1962 Ariel Arrow

If you like your British bikes to be a little bit different to the usual pushrod parallel twin, then John Walton’s 250 two-stroke might just turn your head…

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After a lapse of twenty-something years (wife, kids, mortgage, blah blah blah) I thought it was about time I came back to bikes. A quick trawl on the internet revealed Bill Little’s Barn and there it was: one Golden Arrow.

The Arrow was Ariel’s sporting two-stroke, brought out in 1959 and based around the twin-cylinder 249cc Leader. The reaction to the unfaired Arrow was positive, so from 1960 the gold and white bikes were given a slightly higher compression ratio (10:1) and a bigger bore Amal carb. The result was 20bhp at 6000rpm which would propel this 300lb machine to a very respectable 75mph.

I knew before I saw it in real life that I was going to buy it. So I set off in the car with my wife, down to Bill’s place, and soon to be the new owner of 1962 Ariel Arrow Super Sports.

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The Arrow, as bought...

The previous owner had spent a fair amount on various parts, but there’s always something more. Rather a lot more in fact! The engine was very smooth but smoked something awful, mostly from one cylinder. As it had been rebored, etc, I was assuming lack of use here…

And after a few runs it soon cleared.

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My wife Winnie was very keen to ride pillion so after a quick run she promptly broke down (the bike, I hasten to add). Good start! Nothing beats being on one’s hands and knees by the roadside, and seeing one’s spouse tapping her foot.

The points had fallen apart. Now we all know about bikers stopping to help, but this time three Velos sailed past, and guess who did stop? Right. A Suzuki rider. Thank you.

Anyway, after the second set of points failed I thought electronic is needed here and thanks to Newtronic Systems, who can adapt their BSA twin system to suit the Arrow, the problem was solved with added power and smoother tick over.

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...and as it is now. Tidy.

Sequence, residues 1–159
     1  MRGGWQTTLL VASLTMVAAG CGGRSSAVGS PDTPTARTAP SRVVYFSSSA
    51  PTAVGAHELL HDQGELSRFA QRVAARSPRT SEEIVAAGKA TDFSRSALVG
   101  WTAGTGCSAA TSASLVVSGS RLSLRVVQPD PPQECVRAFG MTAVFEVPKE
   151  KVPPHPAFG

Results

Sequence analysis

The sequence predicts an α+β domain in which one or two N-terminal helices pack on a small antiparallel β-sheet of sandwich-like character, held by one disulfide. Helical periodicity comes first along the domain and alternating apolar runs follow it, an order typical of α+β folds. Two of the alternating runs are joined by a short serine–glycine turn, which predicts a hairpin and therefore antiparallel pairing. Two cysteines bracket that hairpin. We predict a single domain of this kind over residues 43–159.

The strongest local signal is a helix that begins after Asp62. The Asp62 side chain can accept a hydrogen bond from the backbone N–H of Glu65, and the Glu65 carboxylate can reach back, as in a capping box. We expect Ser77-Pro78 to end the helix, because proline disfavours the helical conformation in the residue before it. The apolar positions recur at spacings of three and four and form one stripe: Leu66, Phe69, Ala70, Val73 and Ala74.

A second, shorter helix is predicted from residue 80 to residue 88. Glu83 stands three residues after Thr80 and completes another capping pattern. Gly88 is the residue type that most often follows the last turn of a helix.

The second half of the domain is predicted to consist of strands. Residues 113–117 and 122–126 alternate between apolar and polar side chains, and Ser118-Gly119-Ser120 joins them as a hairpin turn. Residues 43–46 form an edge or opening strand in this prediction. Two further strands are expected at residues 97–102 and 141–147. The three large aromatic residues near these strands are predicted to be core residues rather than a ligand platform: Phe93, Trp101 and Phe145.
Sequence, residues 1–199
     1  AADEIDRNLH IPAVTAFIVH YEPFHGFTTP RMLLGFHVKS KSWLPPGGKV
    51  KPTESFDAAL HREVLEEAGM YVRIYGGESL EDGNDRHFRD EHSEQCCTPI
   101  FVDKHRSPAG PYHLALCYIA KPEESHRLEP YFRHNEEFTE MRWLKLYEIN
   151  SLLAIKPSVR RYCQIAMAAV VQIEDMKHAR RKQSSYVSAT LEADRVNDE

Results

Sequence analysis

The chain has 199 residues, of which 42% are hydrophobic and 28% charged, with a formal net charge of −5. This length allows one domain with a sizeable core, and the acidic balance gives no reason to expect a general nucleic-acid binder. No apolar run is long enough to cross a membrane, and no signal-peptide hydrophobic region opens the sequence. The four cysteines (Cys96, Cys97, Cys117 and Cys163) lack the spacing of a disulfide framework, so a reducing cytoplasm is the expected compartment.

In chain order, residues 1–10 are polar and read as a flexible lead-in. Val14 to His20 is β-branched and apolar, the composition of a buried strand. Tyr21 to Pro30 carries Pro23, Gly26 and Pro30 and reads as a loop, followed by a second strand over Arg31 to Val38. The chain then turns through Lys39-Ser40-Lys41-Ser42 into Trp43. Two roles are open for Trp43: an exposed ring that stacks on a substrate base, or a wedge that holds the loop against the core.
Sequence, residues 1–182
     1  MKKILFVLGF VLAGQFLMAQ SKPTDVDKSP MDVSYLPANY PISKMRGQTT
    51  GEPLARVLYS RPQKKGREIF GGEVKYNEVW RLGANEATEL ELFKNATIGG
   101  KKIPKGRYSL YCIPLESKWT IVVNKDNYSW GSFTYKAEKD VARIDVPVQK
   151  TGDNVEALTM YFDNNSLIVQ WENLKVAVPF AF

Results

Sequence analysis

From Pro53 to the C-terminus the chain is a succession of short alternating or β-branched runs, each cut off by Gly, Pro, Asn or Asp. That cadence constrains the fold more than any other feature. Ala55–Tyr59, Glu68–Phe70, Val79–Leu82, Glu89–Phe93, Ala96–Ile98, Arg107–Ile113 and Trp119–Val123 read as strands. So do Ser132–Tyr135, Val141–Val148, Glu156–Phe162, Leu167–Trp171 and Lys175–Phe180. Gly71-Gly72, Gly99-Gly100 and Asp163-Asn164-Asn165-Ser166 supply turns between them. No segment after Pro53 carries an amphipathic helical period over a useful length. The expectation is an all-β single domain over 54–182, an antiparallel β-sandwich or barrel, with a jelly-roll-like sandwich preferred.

I had some chroming done to the engine cover and fork spats. The wheels were rebuilt by Central Wheel Components (lucky they had a pair of British Chrome rims in stock). Draganfly have provided many sundry parts; far too many to list here. Paul Goff provided halogen bulbs and some decent levers with adjusters that really helped to get adjustment from the front brake.

Talking of front brakes, the Arrows have pretty much useless ones. New shoes, hub checked, still poor. But the rear brake is excellent, and when you use both brakes together there really isn’t too much of a problem. I think the lack of front fork dive, because of the leading link forks, makes people think the brake is worse than it actually is.

Back to the smoking: it doesn’t now! Using modern two-stroke oil, cutting down the ratio, and renewing the jets in the carb have all but turned it into a non-smoker. I checked with Castrol who agreed cutting the oil down to two measures per gallon would be fine.

Red plugcaps are standard issue, apparently.

Ariel Arrow stuff on eBay.co.uk

I have picked up a lot from eBay (see above), things like the red grips and ht leads and caps. Even found new-old-stock Champion N4 plugs. I’m convinced they are better than any modern equivalent, they never whisker up (honest).

Now about the indicators. I can hear people saying: ‘not standard, take ’em off.’ But in today’s traffic the average car driver doesn’t see hand signals, so I feel safer with them. Same with the mirrors. And I like to think I have fitted something with a period look to them. Remember the Norton Electra and certain BMWs.

I did not have to do too much with the paintwork, which was quite fair all round. The bike’s not concours, and I don’t wish it to be. But I use the bike a lot, and I cannot see how any bike can be kept perfect all the time.

The only drawback is that the wife likes going out on the Arrow so much that I have to sneak out, so as to get some solo riding in! It goes really well, is very capable of keeping up with traffic and much more.

Fuel consumption? Who cares! Just fill her up and go!

Whatever the angle, it still looks like 1950's kitchen appliance.

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